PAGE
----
Using Your Vehicle for Business to Save Money
Whether you are a business owner, self-employed, or an employee, if you use your vehicle for any business use you will be able to deduct some expenses and reduce the amount of income tax you’ll have to pay. If you put a lot of business miles on a vehicle, you should learn about the benefits of leasing vs buying, how depreciation works, and which method of mileage deductions will be best for you. All of these have tax implications so talk to your accountant about them.
If you have a dedicated business vehicle then you can deduct all expenses, included what you paid for it, as depreciation. If the vehicle is used for both personal and business, then only the deductions allowed are what it cost to use for just business.
Choice of how to deduct expenses
There are 2 ways to deduct expenses. You have to decide when you file which of the two ways will have the larger deduction. One method is to claim all actual expenses. This means you must keep all receipts and meticulous records in order to substantiate the expenses. The second method is by keeping track of the actual mileage used for business and use the standard mileage rate. You cannot do both.
Standard mileage rate
If you’re going to start using a car you already own for business, you’ll have to use the standard mileage rates for the first year. After that you can choose either that or actual expenses. If you use a leased vehicle, as long as it is under lease you can only use the mileage rate. For economy vehicles or ones that aren’t costly to operate, using the standard rate will probably give a larger deduction.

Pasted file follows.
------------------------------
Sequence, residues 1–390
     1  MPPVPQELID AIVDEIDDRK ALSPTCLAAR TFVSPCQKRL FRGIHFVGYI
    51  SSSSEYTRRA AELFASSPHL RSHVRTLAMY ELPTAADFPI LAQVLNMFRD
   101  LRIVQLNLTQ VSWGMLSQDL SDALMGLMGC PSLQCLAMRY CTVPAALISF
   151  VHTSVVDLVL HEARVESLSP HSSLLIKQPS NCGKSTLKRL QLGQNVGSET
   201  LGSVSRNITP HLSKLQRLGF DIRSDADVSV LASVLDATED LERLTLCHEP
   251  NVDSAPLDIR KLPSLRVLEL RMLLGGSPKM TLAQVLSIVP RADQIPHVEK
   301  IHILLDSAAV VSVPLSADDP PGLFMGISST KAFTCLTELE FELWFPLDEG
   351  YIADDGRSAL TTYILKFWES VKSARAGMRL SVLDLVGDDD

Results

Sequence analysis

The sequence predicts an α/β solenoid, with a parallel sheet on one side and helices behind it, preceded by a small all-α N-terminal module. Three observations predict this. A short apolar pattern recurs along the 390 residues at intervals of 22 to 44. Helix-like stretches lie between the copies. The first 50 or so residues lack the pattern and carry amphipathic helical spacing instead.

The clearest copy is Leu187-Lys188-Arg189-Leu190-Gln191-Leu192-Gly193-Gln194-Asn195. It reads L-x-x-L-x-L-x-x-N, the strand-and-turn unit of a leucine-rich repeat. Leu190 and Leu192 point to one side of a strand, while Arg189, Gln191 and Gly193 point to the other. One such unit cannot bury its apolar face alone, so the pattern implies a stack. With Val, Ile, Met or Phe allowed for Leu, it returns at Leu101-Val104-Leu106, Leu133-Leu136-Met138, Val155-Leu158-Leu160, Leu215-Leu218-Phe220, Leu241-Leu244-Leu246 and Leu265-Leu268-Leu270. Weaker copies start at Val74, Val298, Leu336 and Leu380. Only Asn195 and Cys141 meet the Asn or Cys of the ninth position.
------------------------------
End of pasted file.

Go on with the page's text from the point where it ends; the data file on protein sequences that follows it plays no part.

For your personal vehicle, by keeping track of the mileage at the beginning and the end of the year, figure what percentage it is used for business based on the actual business miles. You can deduct that percent of all the expenses including gas, oil, maintenance and repairs, tires, loan interest, lease payments, insurance, depreciation, and registration and licensing fees. If you have a vehicle that high operating costs, using actual costs will likely prove the most beneficial.
For a vehicle owned by the business that is only used for business purposes, all expenses are deductible.
Keep good records
There are some things the IRS takes seriously when it comes to business deductions, and expenses for vehicles is one of them. Keep a mileage log and note the mileage at the beginning of the year, as well as at the end.
Keep a log of all business miles, dates, purpose, etc, as well as all other vehicle expenses you plan to write off. Even if you plan to take the standard rate deduction, you still need these records.
Do not deduct expenses for commuting to work
Driving to your place of business from home is not allowed as a business expense. Even if you have advertising on the vehicle, or talk to clients or customers on the phone while you drive, these miles are not deductible. However, if you travel from home to a different business location other than your normal business location, that is a cost that can be deducted. Plan your day so that by making a business-related stop on the way to or from home converts that segment of your drive to business miles.
Jeffrey Ressler owns a boutique, full-service accounting firm in Boca Raton, Florida that provides individualized financial services, expert tax preparation, tax planning for individuals and companies, and finding solutions to IRS problems.